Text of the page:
This is an article from the July-August 1997 issue: The Southern Baptist “Transformation”

Missions in a Suitcase

Visalia E-Free Church Shares Their Secrets for a Successful People Group Adoption

Missions in a Suitcase

When most people prepare to travel to another part of the world for a mission trip they pack a suitcase. When people at the Evangelical Free Church of Visalia, California want to take a mission trip they too pack a suitcase, but they travel in their minds and through prayer.

Missions In A Suitcase, is an innovation that Visalia has developed as part of their successful Adopt-A-People program. This church of 275 people proves that you don’t have to have a large church to be involved in world missions to unreached peoples. Visalia Evangelical Free has adopted the Kurdish people and a missionary family that is part of a team ministering to this indigenous Muslim people group. Saddam Hussein has been trying to exterminate these people for years, but the Kurds’ resilience and the power of prayer have helped preserve them and create breakthroughs for the gospel of Jesus Christ.

Debbie Jump, Adopt-A-People coordinator for the Evangelical Free Church of Visalia, stresses the importance of a church having a long-term commitment to their people group: “Our commitment is to work with the Kurds until there is an evangelistic reproducing church in Kurdistan among them. Our church has been committed to praying for and giving to evangelistic work among the Kurds for five years now.”

Giving the Adoption Visibility

When the Adopt-A-People program started in Visalia, a large world map was mounted on wood, pointing out where the Visalia church was located and where Kurdistan is. Gold chains were placed on the two areas on the map and then the chains were padlocked together with the church understanding the lock would not be opened until a multiplying church was planted in Kurdistan.

The Visalia church members provide some financial support to a missionary family working with the Kurds along with giving their time in prayer and learning about their people group and other missions breakthroughs. Jump and others have focused on education among church members and their children to help insure a continued commitment to the program.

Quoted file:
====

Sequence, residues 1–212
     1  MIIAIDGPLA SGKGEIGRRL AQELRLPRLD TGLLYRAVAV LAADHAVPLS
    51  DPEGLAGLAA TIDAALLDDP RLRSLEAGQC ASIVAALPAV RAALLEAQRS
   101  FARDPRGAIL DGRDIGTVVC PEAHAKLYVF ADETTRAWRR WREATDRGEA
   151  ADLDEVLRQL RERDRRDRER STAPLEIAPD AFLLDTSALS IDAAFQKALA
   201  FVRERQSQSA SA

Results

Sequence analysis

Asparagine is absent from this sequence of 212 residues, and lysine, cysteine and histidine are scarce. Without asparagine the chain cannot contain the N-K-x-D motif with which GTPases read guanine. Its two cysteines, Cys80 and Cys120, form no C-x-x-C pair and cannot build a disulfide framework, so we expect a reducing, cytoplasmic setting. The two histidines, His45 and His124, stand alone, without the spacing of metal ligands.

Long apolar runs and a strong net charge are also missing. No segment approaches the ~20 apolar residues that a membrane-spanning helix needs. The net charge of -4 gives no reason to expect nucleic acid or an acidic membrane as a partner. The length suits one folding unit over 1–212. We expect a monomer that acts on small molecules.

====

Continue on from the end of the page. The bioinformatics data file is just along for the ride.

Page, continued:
“We have about 40 families in our church involved in the Adopt-A-People program and many of them are home-schooling their children. They have found the Adopt-A-People Global Prayer Digest especially helpful in teaching their children about geography.” (Editor’s note: One of Jump’s favorite issues of the Global Prayer Digest was the one focused on immigrants from unreached people groups living and working in Los Angeles.)

Enter “the Suitcase”

Often the home schooling families will take the Missions Suitcase materials we’ve assembled and check them out of our church library. We loan the Missions Suitcase for extended periods of time to families so they can teach their children about missions.”

This suitcase contains world jigsaw puzzles, maps, missionary newsletters, electronic mail, music from different cultures, newspaper and magazine clippings and other materials to educate and mobilize families to pray about world missions. Jump also puts together a monthly missions newsletter to inform about 100 of the church members on a regular basis about progress on the mission field.

In addition to using the suitcase approach, the Sunday Children’s Church second hour class (for first through sixth graders) has devoted its curriculum to teaching lessons with a world focus. “During the month of Ramadan, we focused on Muslims,” said Jump.

Research, Persistence and Advocacy